Stuck in a rut? Clive Rumbold tells us how to ride ridges and steps when you’re next out on the trails…
Ridges in the trail are a bit like ruts, if you can avoid riding on/in them, then do. Why? Because they have the propensity, if not tackled correctly, to have you landing on your arse (or worse).
But sometimes you have no choice but to go over or on them, and sometimes you end up on them because your bike slipped or you looked at them and target fixation had you magically riding on them.
Anyway, you want to be able to control your two-wheeled wobbly toy over them, don’t you? So, first things first. Keep your head and look at the balancing point. I think we’ve mentioned that in every techniques article, at least I hope we have!
The height of the ridge is likely to vary so, to make life easier, you could look to cross the ridge at a lower point. The most important thing though, is making sure you cross it at an angle. Running your front wheel directly alongside it and then turning your wheel in could cause the wheel to start slipping at an angle, as it starts trying to get grip on the uphill face of the ridge. This has the potential to cause an ‘off’, a foot down (to stop you falling) or a “whoa, that was bloody close” moment.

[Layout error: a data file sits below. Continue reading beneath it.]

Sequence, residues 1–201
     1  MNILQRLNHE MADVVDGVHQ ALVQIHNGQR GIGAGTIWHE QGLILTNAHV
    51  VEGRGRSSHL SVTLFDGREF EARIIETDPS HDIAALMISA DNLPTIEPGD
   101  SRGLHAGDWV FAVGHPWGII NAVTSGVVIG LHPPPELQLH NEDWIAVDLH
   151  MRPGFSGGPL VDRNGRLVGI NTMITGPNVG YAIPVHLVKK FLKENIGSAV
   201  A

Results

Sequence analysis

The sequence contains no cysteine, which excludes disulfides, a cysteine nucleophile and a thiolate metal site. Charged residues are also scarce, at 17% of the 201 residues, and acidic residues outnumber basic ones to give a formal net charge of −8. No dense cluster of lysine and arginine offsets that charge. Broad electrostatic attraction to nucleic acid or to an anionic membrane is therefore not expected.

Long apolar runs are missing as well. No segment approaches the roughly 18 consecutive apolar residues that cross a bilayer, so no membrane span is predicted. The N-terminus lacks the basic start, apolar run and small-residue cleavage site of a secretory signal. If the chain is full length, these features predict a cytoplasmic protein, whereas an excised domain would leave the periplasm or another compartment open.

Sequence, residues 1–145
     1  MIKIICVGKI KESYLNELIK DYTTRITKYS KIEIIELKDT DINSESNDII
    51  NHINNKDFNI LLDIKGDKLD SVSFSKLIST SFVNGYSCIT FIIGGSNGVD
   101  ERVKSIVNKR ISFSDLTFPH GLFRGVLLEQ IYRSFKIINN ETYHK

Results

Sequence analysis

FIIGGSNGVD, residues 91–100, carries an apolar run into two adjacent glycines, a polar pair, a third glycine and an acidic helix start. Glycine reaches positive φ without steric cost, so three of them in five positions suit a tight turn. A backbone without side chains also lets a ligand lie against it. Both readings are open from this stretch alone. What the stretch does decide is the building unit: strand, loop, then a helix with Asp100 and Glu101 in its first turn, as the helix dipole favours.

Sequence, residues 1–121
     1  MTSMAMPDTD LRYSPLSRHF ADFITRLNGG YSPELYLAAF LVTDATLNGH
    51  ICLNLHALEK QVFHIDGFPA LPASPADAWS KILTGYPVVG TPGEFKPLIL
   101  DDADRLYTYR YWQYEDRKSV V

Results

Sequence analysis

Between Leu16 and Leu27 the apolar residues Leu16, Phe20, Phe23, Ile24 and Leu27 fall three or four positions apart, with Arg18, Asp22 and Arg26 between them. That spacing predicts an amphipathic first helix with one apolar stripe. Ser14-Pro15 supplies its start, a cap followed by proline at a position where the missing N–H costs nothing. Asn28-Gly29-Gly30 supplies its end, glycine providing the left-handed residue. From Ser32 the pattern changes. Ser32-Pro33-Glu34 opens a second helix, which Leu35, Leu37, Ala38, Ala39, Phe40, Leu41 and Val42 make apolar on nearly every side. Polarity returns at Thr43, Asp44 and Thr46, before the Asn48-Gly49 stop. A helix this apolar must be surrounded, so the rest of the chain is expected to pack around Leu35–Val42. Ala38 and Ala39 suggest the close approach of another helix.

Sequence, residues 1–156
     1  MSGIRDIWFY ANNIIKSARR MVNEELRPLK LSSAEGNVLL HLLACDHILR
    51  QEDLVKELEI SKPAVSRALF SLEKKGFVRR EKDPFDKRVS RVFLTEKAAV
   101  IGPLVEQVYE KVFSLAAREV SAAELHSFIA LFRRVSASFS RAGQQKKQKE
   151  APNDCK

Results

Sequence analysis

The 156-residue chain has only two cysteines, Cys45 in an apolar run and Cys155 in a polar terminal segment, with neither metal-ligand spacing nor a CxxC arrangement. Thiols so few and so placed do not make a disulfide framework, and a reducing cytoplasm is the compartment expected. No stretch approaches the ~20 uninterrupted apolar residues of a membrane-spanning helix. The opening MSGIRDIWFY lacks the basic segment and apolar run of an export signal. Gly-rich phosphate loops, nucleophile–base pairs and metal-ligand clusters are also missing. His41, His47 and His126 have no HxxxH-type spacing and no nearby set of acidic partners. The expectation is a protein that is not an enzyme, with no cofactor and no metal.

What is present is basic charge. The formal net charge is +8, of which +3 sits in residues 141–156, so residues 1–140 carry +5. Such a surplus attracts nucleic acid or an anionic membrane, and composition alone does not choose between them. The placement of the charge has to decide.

So, come as wide as you reasonably can, and sometimes there might be very little room to manoeuvre, and turn into the ridge.
Choose an appropriate speed that will get you over the bump and keep your momentum. For sharper ridges, you might need to force the bike over with a blip of the throttle. Too fast though, and you could take off, or fall backwards, yanking on the throttle – so cover your clutch, keep your throttle controlled and make sure your body is weighted in the correct place for the crossing.
Once on the ridge (unless it is too narrow or unsuitable to ride on), you could ride along the top if it helps you continue your journey. Look up and through the ridge and keep the momentum of the bike going. If you look at the sides you’ll no doubt hit them, so only do that if you want to come off the ridge.
Crossing off the ridge, the same rule applies as crossing onto it – for the exact same reason. Approach the dismount at an angle.
The same principle applies to crossing over obstacles like branches on the trail. If you can avoid them, do. If you can’t, then try to cross them at an angle.
It can surprise some people how big a ridge/step a bike can cross, especially if it has a decent sized front wheel and ground clearance – two of the many desirable attributes of an optimum off-road trail or adventure bike.
As ever with these things, there is more to it that can be described with a few words and ridge situations can vary massively. Get some professional training to build competence and confidence. It gets easier as you get better